The Niagara Movement Speech And The Atlanta Compromise

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Both the Niagara Movement Speech and the Atlanta Compromise were written by some of the most well-educated and well-versed men in history, and while both men ultimately spoke to their respective audience about the absolute importance of racial equality, they took different paths in persuading their audiences to agree with their points. Mr. DuBois, in his Niagara Movement Speech, spoke about education, opportunity, and voting rights in an entirely logical way, and presented clear and concise ideas when speaking about each topic. Mr. Washington, on the other hand, used a primarily emotional persuasive tactic as he appealed to both his audience 's sense of ambition when speaking of education along with their sense of dedication when speaking…show more content…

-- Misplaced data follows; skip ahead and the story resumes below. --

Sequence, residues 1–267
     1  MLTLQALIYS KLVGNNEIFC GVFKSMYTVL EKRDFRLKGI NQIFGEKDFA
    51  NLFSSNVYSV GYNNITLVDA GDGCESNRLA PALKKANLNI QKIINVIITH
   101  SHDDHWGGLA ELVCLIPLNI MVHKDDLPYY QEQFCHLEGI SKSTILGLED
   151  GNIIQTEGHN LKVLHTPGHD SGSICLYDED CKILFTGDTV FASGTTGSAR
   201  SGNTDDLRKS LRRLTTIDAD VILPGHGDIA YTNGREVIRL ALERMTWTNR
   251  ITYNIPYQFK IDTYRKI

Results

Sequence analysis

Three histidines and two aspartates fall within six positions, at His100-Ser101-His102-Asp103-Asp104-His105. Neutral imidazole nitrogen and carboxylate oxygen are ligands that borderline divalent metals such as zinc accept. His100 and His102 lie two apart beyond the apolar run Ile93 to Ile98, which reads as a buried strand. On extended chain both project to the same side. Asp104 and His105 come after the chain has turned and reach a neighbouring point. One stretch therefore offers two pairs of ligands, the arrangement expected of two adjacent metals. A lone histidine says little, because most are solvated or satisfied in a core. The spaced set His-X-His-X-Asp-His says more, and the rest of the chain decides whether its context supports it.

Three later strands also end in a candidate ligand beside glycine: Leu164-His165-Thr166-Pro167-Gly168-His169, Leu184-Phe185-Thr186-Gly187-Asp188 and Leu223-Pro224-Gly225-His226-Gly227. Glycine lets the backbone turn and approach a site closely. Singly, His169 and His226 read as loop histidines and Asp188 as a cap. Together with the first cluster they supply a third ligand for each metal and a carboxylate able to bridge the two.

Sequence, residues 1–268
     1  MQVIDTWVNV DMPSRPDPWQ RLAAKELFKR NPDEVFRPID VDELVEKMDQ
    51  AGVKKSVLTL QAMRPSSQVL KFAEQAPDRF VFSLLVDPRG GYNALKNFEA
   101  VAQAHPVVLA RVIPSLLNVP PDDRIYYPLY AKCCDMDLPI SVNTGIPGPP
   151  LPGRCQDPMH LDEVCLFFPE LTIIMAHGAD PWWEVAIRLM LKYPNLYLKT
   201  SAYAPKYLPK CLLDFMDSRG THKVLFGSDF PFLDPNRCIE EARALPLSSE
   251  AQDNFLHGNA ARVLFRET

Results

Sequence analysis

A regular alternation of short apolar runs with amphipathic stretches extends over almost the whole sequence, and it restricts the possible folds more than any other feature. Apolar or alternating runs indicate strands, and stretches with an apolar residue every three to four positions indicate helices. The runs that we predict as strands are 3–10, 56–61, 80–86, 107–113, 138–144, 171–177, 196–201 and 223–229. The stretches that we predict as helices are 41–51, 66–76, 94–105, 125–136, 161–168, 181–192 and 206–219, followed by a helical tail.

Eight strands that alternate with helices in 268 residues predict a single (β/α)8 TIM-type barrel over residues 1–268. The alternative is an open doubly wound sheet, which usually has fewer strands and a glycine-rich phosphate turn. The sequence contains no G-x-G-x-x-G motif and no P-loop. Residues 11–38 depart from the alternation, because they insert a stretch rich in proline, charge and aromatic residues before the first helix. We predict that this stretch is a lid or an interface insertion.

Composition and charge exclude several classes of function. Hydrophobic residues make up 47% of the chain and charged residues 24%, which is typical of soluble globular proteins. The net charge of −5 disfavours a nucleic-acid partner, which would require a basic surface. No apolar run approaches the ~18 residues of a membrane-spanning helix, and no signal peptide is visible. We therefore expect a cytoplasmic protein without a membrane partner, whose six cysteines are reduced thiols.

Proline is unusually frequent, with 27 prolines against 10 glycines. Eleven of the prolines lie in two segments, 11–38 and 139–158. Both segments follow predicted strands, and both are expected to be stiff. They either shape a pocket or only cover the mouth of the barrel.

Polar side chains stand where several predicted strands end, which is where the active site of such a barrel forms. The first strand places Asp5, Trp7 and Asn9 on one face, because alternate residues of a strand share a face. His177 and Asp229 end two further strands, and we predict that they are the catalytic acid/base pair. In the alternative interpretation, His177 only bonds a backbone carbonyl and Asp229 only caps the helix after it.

The school system in the country districts of the South is a disgrace and in few towns and cities are Negro schools what ought to be...and...when we call for education we mean real education,” he effectively made his audience view the logic in his claim about racial equality with a specific emphasis on the education of adults and more specifically children (DuBois 2). Mr. DuBois, being the well-educated man that he was, understood that by presenting his claim of educational importance in a logically and sound way, his audience would be exponentially more likely to agree with his view and act on his cause, which is exactly what transpired after his speech. In Mr. Washington’s attempt to persuade his audience in favor of educating the African American population, he chose to appeal to his perverse audience 's sense of desire and ambition. He stated that by “casting down [their] bucket among many people, helping and encouraging them as [they] are doing on these grounds, and to education of head, hand, and heart, [they] will find that [African Americans] will buy [their] surplus land, make blossom the waste of places in [their] fields, and run [their] factories” (Washington 2). In stating his claim the way he did, he hoped that his audience, which was comprised primarily of white, land-owning southerners, would realize the possible economic benefits that would result from educating the black population, and that their innate desire for material wealth would drive them to
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